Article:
MGM Resorts International (NYSE:MGM) raised $700 million in the second sale of units in gaming real estate investment trust (REIT) MGM Growth Properties (NYSE:MGP).
The Mandalay Bay operator made the announcement after the close of US markets Wednesday, noting it plans to use the $700 million influx of capital “for general corporate purposes.” The REIT and the gaming company had a previous deal in place in which the latter could redeem $1.4 billion of the equity it owns in the former. The first $700 million tranche on that agreement was executed in May.
Today’s announcement reflects our continued focus on enhancing our balance sheet to strengthen our financial flexibility,” said MGM CEO Bill Hornbuckle in a statement.
With the second $700 million divestment of MGP equity in the books, MGM Resorts has $5.9 billion worth of liquidity, giving it one of the industry’s tidiest balance sheets and likely the company’s strongest financial positions in decades.
Good News for the REIT, Too
While the benefits for MGM in the transaction are obvious – it’s raising cash at a time when the industry continues grappling with COVID-19 – MGP isn’t being left out in the cold.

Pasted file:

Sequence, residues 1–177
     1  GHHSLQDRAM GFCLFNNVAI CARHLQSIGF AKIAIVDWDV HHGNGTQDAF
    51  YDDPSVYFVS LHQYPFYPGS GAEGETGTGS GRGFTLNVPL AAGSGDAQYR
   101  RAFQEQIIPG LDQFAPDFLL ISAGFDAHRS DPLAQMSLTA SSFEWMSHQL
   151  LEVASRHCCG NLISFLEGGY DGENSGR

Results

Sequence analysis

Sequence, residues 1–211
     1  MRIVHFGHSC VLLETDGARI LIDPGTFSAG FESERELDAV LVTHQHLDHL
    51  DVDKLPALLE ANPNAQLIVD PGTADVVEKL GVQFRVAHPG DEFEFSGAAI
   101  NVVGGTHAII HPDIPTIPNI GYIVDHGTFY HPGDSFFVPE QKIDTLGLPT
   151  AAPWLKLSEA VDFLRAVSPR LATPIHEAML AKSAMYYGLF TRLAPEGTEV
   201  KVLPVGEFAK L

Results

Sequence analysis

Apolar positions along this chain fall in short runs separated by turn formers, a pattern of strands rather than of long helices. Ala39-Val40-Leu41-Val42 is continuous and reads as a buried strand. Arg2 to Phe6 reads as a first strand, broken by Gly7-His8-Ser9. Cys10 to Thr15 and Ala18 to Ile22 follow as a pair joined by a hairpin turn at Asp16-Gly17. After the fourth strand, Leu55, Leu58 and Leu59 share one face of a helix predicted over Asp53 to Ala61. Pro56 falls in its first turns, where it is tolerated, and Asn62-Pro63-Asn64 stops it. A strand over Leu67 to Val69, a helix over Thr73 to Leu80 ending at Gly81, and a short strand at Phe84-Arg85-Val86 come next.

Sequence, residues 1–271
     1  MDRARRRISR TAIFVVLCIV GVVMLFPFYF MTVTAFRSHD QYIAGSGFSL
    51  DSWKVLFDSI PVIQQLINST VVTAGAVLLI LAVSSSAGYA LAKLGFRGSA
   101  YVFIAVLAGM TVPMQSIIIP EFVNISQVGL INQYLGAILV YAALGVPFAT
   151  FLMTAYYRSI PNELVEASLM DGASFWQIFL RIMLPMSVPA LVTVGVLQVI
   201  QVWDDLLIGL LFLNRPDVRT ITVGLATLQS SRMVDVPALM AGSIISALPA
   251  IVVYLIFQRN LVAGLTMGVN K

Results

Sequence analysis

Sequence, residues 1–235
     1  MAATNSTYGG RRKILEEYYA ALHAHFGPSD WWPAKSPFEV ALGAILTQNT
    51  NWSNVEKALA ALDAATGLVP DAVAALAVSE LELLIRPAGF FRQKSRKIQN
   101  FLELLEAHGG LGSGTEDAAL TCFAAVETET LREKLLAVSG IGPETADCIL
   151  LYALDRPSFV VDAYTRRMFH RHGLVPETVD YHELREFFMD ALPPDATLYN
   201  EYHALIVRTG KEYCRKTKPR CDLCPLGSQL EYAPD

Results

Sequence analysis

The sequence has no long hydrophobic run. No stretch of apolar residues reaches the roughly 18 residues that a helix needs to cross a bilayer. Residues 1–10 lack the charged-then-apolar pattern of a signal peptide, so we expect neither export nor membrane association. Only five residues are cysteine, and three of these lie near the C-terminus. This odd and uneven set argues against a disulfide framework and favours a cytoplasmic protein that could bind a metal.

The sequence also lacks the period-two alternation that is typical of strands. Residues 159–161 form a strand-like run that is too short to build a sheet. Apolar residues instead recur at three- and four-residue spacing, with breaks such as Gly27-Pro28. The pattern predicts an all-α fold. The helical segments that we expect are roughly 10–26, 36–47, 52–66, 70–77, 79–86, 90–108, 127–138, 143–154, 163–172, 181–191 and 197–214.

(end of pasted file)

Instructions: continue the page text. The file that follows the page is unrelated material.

The transaction will allows the casino landlord to boost its acquired funds from operations (AFFO), a critical metric in valuing REITs, on a single-digit basis while allowing it to keep pro rata net leverage at 5.3x, within the company’s stated goal of 5x to 5.5x. MGP funded the transaction with proceeds in an $800 million June debt sale.
With the $1.4 billion agreement complete, MGM’s interest in the real estate company falls to 53 percent from 56.7 percent following the May $700 million sale.
That’s actually a positive for MGP. Broadly speaking, Wall Street likes the REIT, but some analysts and investors speculate the company could be better off with more independence and less oversight from MGM.
The Mirage operator is MGP’s only tenant while rival gaming REITs have multiple clients, giving those competitors more rental income diversification. By virtue of its relationship with MGM, the REIT is levered to trends in Las Vegas where it owns the real estate of all MGM-operated venues aside from Bellagio.
Other Ways to Raise Cash, if Needed
Should MGM need to raise more capital, it has other avenues in addition to its remaining 53 percent interest in MGP.
The Excalibur operator owns all assets associated with MGM Springfield in Massachusetts, half of CityCenter in Las Vegas and 56 percent of MGM China. Bellagio and the Bay State venue are the only real estate pieces in MGM’s domestic portfolio not owned by MGP.
As for the REIT, it remains to be seen what its next corporate move is, but last month, reports surfaced that MGP could make a run at buying the Venetian, Palazzo, and Sands Convention Center from Las Vegas Sands if the landlord can find a credible operator partner.
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